An Excel Formula for Calculating Wall Girts, Post Size and Hole Depth
John Minor and I have been friends for nearly 30 years – since his then father-in-law (and my business partner at the time) convinced me John could sell post frame buildings. Well Rod was correct, John could sell buildings – not only for me (twice), but also for some of the better known names in the post frame industry – Morton, Stockade, Cleary and FBi just to name a few.
John is also a cutting edge innovator and has gone from selling post frame buildings, to manufacturing and providing components to the post frame industry. Current he owns and operates Central Perma-column (https://www.heartlandpermacolumn.com/). John is smarter than the average bear and he has the thirst for knowledge which few non-RDPs (Registered Design Professionals – architects or engineers) in the post frame industry do.
December 13, I received this text message on my phone: “I need your help with something”. Although I did not recognize the number it came from, it turned out to be John.
The conversation went on like this – John, “No worries. I’m trying to find an Excel formula for calculating wall girts, post size and hole depth.”
Me, “You would have to write one and they will be very complex due to the tremendous number of variables involved. I’ve thought about having a Wall Girt calculator on our website for Building Officials to use and the reality is, it is a huge undertaking. For it alone, requires all of the building dimensions including roof slope, is building enclosed or partially enclosed? Which means one has to know if doors are wind rated, and where they are placed. Also makes a difference as to where girts are located on building as wind forces are greater at corners. If girts are barn style on outside of columns, do they span a single bay or multiple bays? Then one has to account for lumber species differences as well as visual vs. machine grading.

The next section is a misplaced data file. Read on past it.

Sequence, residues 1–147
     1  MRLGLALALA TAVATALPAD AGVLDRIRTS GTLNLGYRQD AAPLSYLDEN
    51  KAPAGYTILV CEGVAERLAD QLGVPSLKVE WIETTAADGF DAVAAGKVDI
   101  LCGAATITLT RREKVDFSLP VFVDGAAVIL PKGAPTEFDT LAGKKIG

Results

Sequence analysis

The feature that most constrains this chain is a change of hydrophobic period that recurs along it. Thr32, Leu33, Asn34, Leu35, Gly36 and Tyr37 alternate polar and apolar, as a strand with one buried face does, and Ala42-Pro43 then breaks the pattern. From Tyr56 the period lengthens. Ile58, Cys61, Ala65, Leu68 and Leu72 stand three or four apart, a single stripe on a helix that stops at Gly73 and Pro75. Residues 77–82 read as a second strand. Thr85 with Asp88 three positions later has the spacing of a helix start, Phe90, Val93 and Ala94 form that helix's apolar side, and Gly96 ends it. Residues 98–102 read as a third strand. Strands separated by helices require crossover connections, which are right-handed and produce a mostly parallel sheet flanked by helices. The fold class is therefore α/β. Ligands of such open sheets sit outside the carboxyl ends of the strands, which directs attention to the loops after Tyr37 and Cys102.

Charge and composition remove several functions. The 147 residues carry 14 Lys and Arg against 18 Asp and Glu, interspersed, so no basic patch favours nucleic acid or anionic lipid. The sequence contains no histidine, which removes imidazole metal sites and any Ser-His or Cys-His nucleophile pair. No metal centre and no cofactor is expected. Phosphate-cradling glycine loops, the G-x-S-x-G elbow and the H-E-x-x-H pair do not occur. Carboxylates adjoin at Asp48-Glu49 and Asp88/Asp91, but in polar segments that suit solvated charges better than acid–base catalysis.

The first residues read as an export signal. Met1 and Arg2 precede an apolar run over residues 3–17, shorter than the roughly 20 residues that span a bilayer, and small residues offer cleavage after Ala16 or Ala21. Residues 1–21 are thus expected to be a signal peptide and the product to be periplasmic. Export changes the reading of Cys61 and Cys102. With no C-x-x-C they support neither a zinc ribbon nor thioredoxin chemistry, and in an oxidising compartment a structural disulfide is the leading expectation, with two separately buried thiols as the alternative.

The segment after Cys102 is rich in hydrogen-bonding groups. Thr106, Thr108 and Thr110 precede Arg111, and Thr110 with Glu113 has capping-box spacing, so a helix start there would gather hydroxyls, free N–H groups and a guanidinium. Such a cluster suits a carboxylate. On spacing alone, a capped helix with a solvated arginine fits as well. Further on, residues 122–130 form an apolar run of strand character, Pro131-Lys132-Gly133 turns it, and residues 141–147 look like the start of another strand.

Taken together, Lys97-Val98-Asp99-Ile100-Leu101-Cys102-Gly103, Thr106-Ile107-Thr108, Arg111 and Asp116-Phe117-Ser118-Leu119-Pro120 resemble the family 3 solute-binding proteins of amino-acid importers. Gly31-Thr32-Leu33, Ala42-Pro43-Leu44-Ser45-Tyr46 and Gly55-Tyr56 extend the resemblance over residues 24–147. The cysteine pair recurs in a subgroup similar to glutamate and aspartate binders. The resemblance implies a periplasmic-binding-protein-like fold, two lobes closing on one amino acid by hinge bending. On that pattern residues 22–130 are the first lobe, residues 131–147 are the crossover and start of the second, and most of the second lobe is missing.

Best bet would be to layout all of the parameters and put it out for bid on Upwork. Should specify which versions of Code and NDS you want to cover as well as it must conform to the NFBA design manual. For columns, you are now talking 25-35 pages of calcs.
Those “simple” pole barns one drives by every day are in reality highly complex engineered structures (when properly designed). A full set of calculations for a small two car garage can generate nearly 200 pages of single spaced calculations to prove the adequacy of all structural members and connections, from the footings to the last fastener.
Don’t leave your new post frame building to chance – insist upon having only a building which has been designed specifically for you by a Registered Design Professional, on your site, with your dimensions and your doors!